China set to blitz 2020 climate goal as emissions flatline

Ahead of the release of China’s five-year energy strategy, Greenpeace analysts say real world carbon intensity cuts are ahead of target

National Congress of the Communist Party of China at the Great Hall of the People in Beijing (Pic: Remko Tanis/Flickr)


China expects coal use to fall and greenhouse gas emissions to flatline through 2016, according to analysis of the government’s energy strategy by Greenpeace.

The environmental group says coal use and carbon emissions could be 10% lower than expected by the end of the decade as the country’s transition to a greener economy gathers pace.

Citing a recently published workplan by China’s National Energy Agency, Greenpeace analyst Lauri Myllyvirta argues China could be on the cusp of a dramatic fall in emissions.

“A key dilemma for energy planners is that targets for total energy consumption and CO2 emissions were already set in the overarching five-year plan released in March, and these targets do not yet take into account the dramatic shifts that have taken place in the past few years,” he writes.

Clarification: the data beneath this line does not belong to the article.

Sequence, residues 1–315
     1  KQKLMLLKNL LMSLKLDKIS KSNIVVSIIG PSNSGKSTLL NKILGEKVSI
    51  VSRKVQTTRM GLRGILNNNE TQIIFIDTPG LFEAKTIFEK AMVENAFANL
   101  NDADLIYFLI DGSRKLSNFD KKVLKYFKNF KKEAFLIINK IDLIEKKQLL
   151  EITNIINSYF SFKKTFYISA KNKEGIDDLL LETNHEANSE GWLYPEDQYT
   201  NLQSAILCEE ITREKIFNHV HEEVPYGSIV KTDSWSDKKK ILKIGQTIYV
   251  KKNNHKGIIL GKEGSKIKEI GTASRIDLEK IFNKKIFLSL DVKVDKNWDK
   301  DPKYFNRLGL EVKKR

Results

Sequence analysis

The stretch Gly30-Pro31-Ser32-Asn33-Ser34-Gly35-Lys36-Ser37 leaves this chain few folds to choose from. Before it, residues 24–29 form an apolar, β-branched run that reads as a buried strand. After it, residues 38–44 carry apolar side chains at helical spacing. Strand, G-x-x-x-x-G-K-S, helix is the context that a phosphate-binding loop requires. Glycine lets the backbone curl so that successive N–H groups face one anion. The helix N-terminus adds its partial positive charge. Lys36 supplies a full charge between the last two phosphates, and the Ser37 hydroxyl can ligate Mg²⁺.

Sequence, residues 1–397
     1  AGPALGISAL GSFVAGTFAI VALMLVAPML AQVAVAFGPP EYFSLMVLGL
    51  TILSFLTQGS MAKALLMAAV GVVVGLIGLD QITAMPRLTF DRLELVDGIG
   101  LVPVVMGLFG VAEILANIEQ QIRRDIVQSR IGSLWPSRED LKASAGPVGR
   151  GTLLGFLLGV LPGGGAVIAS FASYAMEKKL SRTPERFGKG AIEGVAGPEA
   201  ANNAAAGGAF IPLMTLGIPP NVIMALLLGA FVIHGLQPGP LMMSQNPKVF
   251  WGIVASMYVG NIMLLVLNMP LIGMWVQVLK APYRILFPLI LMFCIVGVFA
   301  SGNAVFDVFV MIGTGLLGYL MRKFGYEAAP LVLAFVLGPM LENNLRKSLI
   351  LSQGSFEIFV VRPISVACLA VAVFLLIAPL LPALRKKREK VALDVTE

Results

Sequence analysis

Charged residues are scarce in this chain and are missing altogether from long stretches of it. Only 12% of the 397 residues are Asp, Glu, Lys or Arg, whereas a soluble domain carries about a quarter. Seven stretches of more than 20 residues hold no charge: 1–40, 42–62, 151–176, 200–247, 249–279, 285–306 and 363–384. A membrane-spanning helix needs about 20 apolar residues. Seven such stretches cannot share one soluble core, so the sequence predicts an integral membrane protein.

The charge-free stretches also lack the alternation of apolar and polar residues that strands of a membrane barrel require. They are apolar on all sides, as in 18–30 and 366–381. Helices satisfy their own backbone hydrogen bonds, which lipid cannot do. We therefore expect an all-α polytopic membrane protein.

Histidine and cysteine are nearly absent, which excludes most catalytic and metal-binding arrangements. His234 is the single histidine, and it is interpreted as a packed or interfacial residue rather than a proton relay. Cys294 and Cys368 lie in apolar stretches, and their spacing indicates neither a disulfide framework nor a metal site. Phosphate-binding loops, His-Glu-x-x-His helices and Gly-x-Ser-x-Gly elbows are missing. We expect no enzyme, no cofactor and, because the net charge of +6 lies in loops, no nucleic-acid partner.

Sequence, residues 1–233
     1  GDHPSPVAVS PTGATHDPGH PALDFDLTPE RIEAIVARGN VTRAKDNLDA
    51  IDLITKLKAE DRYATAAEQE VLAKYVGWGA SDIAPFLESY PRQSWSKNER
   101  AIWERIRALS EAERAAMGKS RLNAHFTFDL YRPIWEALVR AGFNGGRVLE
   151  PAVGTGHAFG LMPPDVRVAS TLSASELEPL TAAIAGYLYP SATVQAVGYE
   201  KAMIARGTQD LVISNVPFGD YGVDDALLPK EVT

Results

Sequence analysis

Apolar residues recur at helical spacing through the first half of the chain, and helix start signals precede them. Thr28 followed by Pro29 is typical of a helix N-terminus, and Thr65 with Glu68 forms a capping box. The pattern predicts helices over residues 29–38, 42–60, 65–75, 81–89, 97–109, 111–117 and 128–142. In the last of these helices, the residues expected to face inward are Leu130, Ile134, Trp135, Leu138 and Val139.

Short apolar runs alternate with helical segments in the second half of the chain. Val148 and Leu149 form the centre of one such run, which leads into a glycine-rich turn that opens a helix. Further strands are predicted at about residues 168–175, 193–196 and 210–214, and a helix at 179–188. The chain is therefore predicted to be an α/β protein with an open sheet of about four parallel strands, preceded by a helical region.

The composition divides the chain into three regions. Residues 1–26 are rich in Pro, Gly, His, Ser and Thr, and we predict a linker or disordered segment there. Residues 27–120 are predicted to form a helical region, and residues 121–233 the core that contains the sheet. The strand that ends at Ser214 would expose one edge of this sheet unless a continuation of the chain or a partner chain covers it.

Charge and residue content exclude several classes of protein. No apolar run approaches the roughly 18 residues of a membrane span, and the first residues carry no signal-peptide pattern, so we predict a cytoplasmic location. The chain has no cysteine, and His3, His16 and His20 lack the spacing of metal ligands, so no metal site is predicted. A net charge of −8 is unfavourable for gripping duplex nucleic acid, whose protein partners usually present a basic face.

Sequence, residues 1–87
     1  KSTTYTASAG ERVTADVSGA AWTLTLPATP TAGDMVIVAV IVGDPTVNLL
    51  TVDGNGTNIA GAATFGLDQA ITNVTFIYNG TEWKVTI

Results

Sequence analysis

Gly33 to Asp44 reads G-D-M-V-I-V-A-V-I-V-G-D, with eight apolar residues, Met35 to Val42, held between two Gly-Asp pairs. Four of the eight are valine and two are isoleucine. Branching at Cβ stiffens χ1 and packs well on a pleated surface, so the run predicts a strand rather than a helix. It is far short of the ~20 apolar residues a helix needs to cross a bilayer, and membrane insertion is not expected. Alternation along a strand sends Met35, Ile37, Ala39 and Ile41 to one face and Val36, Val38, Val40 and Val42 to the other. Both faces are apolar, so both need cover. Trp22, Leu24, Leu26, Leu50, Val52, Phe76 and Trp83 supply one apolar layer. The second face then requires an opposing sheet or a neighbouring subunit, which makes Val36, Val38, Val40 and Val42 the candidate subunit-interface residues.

Earlier this year lead climate envoy Xie Zhenhua said coal demand was waning, and predicted China would “far surpass” the 2020 target to cut emissions 40-45% per unit of GDP by 2020.

Still, he admitted data on emissions and coal was patchy, long a problem levelled at any analysts engaged in long-term China energy predictions.

As part of the 2015 Paris Agreement, China has committed to peaking emissions by 2030 and lowering emissions 60-65% per unit of GDP.

An initial draft of China’s five year energy strategy is due out at the start of June and will form the basis of government policy to 2021.

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